Before he even references it himself, it is clear Terrence J has gotten his Malcolm Gladwell-prescribed 10,000 hours in. Working in radio before arriving at North Carolina A&T University to further develop his skill for reading cultural trends, spotting great music and engaging selective audiences, he’s even gone through his failures and negotiations with ambition. In fact, it was while working at in the office at NASCAR that Terrence J sought out BET’s auditions for new talent that rocketed him to a long-sought stardom.
What distinguishes Terrence J’s book is that he interprets his story through the life of a child from the Boys & Girls Club of New York, who he met while working with BET. Perhaps a nonchalant approach to underscoring the value of mentoring, Terrence J reveals the truth of urban culture’s everyman, youth without adult wisdom and infrequent mentors.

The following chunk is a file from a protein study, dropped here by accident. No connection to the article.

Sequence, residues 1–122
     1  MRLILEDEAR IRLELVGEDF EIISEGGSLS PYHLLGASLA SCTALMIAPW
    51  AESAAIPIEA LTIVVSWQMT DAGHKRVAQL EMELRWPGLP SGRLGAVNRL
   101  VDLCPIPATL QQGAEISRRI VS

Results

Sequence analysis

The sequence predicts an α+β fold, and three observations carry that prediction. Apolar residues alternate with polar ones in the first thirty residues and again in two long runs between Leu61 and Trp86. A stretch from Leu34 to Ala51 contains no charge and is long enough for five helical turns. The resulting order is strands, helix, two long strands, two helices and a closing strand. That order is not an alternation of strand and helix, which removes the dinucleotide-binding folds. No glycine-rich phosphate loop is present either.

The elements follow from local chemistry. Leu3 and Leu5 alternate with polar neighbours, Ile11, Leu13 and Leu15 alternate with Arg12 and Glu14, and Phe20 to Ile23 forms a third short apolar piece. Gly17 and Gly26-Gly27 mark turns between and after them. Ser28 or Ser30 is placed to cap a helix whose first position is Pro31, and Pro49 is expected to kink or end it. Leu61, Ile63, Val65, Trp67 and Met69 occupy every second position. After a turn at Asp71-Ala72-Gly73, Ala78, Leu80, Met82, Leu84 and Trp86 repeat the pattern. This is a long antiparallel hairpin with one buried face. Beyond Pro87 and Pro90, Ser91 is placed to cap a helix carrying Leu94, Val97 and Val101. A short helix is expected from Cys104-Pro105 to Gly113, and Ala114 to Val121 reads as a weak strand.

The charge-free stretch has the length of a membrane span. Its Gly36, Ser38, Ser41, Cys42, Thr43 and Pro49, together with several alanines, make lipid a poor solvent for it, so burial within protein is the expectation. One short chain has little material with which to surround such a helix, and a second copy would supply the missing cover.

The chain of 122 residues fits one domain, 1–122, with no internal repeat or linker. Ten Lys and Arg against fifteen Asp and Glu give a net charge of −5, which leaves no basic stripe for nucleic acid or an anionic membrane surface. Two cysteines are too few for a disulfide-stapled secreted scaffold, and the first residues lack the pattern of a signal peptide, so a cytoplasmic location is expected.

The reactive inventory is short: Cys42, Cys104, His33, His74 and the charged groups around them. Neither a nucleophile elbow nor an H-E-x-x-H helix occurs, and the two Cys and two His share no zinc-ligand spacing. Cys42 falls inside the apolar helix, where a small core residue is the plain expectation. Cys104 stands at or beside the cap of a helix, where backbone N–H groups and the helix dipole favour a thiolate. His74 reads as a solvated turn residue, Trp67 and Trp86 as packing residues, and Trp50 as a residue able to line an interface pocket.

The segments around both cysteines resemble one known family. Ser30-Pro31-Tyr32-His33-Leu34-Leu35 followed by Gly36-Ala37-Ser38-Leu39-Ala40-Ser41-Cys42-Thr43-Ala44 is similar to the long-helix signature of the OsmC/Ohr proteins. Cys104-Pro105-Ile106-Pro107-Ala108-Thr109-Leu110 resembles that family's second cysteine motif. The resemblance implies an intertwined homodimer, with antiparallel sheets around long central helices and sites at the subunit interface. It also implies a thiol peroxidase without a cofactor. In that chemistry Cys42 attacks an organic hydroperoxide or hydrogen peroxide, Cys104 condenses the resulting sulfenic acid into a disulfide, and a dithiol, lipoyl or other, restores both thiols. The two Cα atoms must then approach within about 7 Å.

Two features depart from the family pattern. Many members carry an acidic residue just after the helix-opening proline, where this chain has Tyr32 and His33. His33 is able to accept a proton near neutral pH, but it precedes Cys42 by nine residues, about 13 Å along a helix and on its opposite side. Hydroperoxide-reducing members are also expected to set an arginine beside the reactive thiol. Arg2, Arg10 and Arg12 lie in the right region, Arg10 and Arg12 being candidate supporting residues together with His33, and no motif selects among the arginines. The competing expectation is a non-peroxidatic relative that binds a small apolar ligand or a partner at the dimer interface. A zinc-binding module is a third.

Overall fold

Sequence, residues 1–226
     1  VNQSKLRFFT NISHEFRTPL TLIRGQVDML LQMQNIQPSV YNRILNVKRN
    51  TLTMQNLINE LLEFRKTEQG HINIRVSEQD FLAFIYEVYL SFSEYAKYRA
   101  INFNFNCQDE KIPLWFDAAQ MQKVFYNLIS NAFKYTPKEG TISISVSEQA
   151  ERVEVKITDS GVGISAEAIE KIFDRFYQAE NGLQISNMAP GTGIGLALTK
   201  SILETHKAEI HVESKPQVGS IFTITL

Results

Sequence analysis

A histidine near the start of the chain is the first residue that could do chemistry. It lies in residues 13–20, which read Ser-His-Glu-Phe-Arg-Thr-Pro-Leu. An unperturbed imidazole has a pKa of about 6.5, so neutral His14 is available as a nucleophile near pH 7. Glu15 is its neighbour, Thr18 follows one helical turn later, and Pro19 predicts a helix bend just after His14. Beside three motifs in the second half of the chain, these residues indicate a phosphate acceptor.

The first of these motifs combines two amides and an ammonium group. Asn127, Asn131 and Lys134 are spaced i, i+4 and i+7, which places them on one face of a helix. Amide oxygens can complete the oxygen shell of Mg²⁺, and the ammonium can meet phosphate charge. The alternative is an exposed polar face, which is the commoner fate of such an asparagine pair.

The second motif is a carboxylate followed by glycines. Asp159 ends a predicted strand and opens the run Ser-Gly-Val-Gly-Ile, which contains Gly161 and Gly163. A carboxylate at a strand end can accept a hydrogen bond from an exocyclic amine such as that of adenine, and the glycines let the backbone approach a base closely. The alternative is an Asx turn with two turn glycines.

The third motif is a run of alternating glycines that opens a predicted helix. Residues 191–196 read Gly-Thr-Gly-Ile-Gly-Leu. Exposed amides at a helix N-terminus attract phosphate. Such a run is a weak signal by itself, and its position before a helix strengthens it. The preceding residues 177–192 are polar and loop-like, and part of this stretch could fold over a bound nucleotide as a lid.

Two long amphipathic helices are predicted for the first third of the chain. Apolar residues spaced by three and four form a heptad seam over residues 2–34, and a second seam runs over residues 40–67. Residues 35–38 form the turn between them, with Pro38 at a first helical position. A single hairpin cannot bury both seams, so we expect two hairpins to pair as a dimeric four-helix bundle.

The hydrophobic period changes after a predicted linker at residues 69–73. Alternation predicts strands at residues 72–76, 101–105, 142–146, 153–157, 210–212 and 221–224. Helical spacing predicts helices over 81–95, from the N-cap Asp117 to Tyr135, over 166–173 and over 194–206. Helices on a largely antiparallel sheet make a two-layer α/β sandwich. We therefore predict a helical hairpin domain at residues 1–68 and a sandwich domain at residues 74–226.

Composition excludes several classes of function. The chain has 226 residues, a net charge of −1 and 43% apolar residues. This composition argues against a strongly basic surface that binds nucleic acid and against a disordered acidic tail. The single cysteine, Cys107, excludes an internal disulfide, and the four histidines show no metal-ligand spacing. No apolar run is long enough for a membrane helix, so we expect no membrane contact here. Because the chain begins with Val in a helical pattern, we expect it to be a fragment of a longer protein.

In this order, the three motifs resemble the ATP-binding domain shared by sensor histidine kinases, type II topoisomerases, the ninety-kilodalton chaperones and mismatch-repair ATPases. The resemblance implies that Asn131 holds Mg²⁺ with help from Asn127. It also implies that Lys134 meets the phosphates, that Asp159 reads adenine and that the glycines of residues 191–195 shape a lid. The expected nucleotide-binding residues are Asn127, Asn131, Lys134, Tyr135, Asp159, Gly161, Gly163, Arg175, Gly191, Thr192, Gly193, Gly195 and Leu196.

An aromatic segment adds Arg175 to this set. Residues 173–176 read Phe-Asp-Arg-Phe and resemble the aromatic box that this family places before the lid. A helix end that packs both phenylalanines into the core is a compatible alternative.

Free of judgment, prescription and elitism, Terrence J navigates his own story through the lessons he learned from his mother, considering his own fate in step with that of one of his mentees, a young girl named Tiffany. In a voice that is as earnest and unpresumptuous as the tenor that has made him such an affable pop culture fixture, Terrence J removes the fragrance of having babies with an objective retelling of the sacrifices and smarts that allowed his mother to raise a son above the statistics. In short, it was not easy.